She loves to "sing" (more like yell) and "dance" (wiggle) to music. She waves and says bye-bye, which she learned during her 2 weeks at the hospital from all the people that were in & out of her room all day every day & said it to her. She loves Mommy but she LOVES Daddy and she LOOOOOOVES her big kids. She hugs a lot and if she's in the right mood, I can get her to give me a kiss (which is HUGE for a kid with as much of an oral aversion as she has). She's pretty headstrong and a lot of what we do with her has to be on her terms (or else Mommy has to sit on her to get it done, like change her dressing & hook/unhook her extension tubes or change her diaper :). When she's being poked & prodded at her appointments, she's not shy about letting the whole world know what she thinks about it but she's always very quick to forgive once it's over. She doesn't forget though. :)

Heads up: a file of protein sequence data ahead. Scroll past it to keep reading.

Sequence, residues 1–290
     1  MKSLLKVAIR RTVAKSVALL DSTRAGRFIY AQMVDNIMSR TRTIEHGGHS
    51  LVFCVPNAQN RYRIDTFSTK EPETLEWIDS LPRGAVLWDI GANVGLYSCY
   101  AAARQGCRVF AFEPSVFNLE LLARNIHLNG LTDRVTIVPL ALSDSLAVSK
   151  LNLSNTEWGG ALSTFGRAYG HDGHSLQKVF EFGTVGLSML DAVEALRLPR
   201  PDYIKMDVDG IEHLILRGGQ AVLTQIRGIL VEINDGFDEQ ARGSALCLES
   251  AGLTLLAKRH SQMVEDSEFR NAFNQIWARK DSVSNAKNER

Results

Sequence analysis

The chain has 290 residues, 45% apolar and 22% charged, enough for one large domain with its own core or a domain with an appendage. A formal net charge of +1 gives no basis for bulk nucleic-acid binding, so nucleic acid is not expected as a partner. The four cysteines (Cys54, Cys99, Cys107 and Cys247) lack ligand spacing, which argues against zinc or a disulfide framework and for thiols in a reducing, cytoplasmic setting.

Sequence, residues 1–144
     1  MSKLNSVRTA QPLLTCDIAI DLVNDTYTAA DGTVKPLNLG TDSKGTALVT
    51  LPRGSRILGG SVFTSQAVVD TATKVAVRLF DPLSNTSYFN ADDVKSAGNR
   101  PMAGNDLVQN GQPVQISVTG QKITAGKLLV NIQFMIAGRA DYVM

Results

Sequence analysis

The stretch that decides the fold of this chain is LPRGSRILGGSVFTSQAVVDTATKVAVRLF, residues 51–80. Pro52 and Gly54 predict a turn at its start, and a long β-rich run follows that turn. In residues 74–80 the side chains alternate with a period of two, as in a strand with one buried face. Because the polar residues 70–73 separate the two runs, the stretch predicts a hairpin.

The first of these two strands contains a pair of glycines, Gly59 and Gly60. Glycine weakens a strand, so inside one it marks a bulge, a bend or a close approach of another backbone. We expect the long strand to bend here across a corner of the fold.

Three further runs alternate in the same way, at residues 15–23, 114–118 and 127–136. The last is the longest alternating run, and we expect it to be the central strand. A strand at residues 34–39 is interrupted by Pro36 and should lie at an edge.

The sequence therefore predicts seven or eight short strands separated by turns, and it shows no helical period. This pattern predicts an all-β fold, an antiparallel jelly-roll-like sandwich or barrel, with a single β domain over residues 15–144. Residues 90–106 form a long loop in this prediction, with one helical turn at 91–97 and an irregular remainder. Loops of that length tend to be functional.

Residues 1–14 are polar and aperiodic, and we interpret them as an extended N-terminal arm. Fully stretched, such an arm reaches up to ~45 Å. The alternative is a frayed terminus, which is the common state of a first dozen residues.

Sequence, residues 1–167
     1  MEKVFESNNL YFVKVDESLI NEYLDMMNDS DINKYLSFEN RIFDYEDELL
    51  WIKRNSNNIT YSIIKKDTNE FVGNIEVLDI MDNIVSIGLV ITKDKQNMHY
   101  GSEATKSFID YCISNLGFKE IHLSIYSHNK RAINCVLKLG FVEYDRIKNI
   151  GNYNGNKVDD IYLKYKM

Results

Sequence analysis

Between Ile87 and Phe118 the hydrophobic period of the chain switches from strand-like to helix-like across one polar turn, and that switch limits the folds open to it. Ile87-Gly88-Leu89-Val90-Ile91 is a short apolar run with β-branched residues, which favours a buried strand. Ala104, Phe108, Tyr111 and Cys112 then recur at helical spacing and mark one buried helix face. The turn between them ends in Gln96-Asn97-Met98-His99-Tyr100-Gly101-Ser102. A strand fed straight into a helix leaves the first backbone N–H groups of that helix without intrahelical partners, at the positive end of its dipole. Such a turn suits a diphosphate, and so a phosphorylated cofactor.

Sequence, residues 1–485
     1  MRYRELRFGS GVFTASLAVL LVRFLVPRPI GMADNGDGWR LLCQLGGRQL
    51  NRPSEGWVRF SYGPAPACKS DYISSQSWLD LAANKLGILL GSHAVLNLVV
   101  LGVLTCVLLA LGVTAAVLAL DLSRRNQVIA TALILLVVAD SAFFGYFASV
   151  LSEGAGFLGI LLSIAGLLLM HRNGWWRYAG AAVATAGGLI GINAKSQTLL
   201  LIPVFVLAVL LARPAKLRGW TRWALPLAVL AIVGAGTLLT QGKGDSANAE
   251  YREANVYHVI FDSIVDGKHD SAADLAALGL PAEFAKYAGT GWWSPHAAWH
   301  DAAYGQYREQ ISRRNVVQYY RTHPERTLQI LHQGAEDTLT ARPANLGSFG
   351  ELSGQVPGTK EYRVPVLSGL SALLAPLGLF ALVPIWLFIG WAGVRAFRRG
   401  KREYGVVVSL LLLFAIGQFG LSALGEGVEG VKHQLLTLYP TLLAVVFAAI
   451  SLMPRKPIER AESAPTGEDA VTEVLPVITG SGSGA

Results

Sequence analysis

I had hoped we'd be closer to a diagnosis & resolving her problems by her birthday than we are but I'm so grateful for the team of people that have gotten her to where she is and helped her to be the happy & healthy little girl that she is. Believe it or not, she's our biggest 1 year old. She's beating out Cole by over a pound and Kaida by about 5 pounds. :)
We are so grateful to have Raya in our family and for everything we have learned from her. And we're hoping that year 2 is less turbulent than year 1. :)
(and how fitting that this is the 100th post on Raya's blog :)


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Adhesives Part 1: Adhesives & Taping Techniques for NG tubes